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Confusing Words

So and Such

Average: 4.4 (21 votes)

So + adjective

'So' when used with an adjective, shows extreme situations. This form is used mostly in speech:
The music is so loud! Why don’t they turn it down?
The hotel was so good. It was worth every cent.

Confusing Words: Being and Been

Average: 3.8 (27 votes)

The words ‘being’ and ‘been’ are sometimes confused. As a rule the word ‘been’ is always used after ‘have’ whereas ‘being’ is never used after ‘have’. It is used after ‘be’.

'Been' is the past participle of the verb 'be' and is usually used with the perfect aspect with ‘have’ in all its forms i.e. had and has
I have been busy. NOT I have being busy.

Amount, Quantity and Number

Average: 4.2 (14 votes)

There are slight differences between 'amount of', 'quantity of' and 'number of'

Amount of

Amount of is used for things you can’t measure. It is usually in front of a singular word.
I have a reasonable amount of work this week. Work – singular non-count word
He has a certain amount of respect for the sales team. Respect – singular non-count word

Confusing Words: Lay and Lie

Average: 4.9 (7 votes)

There is often confusion over the verbs to lay and to lie.

Lay

To lay means to put something in a horizontal position.
The staff lay the tables for dinner at 8 o'clock.
The rebels were urged to lay down their arms and surrender.
His chickens have stopped laying eggs.

It's and Its

Average: 3.9 (31 votes)

When we are writing it is very easy to get confused by 'it's' or 'its'. Here is an explanation that may help avoid confusion:

It's

'It's' is short for 'it is' or 'it has' and this is the rule. If you can't expand 'it's' to 'it is' or 'it has' then you're using 'its' when you shouldn't and that is wrong.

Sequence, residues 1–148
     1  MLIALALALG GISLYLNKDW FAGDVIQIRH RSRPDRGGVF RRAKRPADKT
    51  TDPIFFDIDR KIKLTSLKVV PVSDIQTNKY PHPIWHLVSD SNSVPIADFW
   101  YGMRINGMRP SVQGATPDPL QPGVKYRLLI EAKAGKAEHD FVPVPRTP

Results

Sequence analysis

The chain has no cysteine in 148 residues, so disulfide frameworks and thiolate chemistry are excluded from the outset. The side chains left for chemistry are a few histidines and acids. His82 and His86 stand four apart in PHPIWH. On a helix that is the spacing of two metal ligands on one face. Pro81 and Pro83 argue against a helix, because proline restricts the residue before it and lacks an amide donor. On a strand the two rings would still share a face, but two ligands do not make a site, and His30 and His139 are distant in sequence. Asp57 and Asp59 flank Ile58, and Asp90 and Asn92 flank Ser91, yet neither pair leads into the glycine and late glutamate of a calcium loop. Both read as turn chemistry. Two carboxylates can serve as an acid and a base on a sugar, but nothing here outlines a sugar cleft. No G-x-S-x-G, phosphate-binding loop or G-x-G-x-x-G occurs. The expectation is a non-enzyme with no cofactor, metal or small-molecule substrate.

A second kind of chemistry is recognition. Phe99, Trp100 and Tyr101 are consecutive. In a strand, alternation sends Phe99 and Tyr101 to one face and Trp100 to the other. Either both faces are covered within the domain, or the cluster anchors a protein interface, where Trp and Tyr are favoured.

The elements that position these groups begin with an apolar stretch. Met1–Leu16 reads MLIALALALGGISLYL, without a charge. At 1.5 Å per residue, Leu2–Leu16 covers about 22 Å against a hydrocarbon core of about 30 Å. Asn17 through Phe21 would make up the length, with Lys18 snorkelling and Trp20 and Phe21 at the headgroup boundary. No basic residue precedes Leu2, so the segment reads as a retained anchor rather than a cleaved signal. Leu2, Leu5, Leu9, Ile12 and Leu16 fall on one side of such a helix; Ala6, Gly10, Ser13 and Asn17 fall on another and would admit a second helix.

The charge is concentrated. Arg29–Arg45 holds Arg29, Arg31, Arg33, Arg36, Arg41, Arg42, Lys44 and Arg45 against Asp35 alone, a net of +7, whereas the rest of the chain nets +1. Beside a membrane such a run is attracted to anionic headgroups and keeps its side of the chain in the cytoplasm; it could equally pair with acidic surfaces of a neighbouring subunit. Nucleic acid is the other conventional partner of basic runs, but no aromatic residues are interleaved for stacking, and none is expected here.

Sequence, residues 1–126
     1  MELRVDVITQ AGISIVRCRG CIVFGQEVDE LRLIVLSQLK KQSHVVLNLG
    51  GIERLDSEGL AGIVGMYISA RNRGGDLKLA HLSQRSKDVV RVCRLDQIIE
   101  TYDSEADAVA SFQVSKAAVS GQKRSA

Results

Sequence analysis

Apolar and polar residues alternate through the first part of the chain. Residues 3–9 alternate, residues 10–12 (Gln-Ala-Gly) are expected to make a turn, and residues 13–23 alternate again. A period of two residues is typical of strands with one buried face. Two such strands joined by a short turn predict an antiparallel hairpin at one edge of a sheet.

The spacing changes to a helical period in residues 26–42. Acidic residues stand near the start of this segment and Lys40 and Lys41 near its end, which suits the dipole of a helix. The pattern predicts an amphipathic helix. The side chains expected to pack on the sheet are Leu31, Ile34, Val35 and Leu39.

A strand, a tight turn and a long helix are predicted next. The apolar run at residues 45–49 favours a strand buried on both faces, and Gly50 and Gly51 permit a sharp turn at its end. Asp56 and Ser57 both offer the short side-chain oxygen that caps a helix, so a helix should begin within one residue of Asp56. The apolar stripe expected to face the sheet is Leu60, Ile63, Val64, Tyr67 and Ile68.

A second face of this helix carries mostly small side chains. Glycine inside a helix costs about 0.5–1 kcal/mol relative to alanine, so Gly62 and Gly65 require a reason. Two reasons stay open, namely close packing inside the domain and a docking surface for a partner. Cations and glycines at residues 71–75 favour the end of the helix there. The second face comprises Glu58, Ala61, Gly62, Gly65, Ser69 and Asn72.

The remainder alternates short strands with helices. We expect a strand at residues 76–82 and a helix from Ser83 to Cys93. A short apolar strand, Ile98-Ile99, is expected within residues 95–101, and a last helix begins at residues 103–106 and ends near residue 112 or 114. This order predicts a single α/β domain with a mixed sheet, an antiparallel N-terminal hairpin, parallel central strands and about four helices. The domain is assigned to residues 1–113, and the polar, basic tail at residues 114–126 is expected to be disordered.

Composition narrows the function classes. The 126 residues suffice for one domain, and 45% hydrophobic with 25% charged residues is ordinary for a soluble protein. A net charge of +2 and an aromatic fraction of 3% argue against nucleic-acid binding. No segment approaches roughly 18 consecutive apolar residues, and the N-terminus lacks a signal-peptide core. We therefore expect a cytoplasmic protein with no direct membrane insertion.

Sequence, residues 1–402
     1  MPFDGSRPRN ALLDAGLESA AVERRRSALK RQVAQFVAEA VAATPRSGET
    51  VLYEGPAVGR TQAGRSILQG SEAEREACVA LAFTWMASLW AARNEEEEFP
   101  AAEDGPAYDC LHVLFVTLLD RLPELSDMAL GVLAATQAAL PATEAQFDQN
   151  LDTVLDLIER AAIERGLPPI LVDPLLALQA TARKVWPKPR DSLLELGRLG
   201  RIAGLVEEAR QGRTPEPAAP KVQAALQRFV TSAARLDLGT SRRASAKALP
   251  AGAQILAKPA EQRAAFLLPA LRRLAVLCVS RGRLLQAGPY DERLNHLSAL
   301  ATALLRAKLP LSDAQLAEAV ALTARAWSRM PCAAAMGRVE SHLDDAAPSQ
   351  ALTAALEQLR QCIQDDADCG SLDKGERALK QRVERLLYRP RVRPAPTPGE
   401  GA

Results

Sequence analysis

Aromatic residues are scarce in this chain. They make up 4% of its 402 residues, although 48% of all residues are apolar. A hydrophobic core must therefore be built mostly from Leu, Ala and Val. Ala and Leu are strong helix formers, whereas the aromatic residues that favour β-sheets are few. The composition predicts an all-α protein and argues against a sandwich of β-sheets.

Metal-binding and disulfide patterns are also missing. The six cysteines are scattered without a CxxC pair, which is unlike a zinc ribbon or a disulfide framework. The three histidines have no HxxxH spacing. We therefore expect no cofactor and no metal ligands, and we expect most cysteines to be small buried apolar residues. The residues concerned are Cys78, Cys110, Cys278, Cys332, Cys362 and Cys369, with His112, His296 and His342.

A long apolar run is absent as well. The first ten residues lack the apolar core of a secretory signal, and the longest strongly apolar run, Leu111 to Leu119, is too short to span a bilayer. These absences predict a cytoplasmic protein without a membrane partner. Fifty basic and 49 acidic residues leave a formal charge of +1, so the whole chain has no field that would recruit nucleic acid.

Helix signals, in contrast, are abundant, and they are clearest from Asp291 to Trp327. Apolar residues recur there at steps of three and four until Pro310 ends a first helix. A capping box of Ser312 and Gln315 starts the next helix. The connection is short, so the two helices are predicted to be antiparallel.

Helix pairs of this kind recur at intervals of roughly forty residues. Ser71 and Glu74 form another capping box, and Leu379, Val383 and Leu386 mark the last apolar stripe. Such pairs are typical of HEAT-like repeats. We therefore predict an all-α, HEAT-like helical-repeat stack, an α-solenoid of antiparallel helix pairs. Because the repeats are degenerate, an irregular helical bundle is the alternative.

It's been raining all week and now it's starting to snow. (it has – it is)
It's been a very difficult year for me.
(It has)

Effect and Affect

Average: 4.8 (19 votes)

There is often confusion over the words ‘effect’ and ‘affect’. In order to understand the difference it is important to remember that ‘effect’ is a noun whereas ‘affect’ is a verb.

Effect

Effect is a noun meaning outcome, consequence or appearance.
What effect did the economy have on your business?

Affect

Affect is a verb meaning 'to transform' or 'to change'.
Did the economy affect your business?

Can and May

Average: 4.6 (14 votes)

Two words which are often confused are can and may.

Can

The word can is used to denote ability:

I can swim. ( I have the ability to swim)
She can play the piano. (She has the ability to play the piano)
Can he speak Japanese? (Does he have the ability to speak Japanese)

May

The word may is used to denote permission:

Beside and Besides

Average: 4.5 (17 votes)

Sometimes beside and besides are confused especially with writing.

Beside

The word beside is a preposition. It means close to or next to.
Come and sit beside me.
He lives beside a Turkish take away.

Advice and Advise

Average: 4.8 (9 votes)

Advice and advise are normally confused. 'Advice' is a noun and it means 'a suggestion' or 'a beneficial course of action'. Advice is a non-count word so it has no plural and can't be used with the indefinite article:

Parents give good advice. NOT Parents give good advices.
He gave me a good piece of advice. NOT He gave me a good advice.

'Advise' is a verb and it means 'to give advice'

Advise (verb)

If you ask me, I'd advise you to take the job offer.
You are lucky if you have friends to advise you.

 

Accept and Except

Average: 4.4 (15 votes)

There is often confusion over the two words ‘accept’ and ‘except’. Although they sound similar the meanings are very different.

 

Accept

Accept is a verb that has quite a few meanings:
To believe something is true.
I accept your point and I have to agree with you there.
I accept that you may have been tired but it’s no excuse to fall asleep in front of our clients.

To receive something
I accept your invitation.
They do not accept dogs in that restaurant.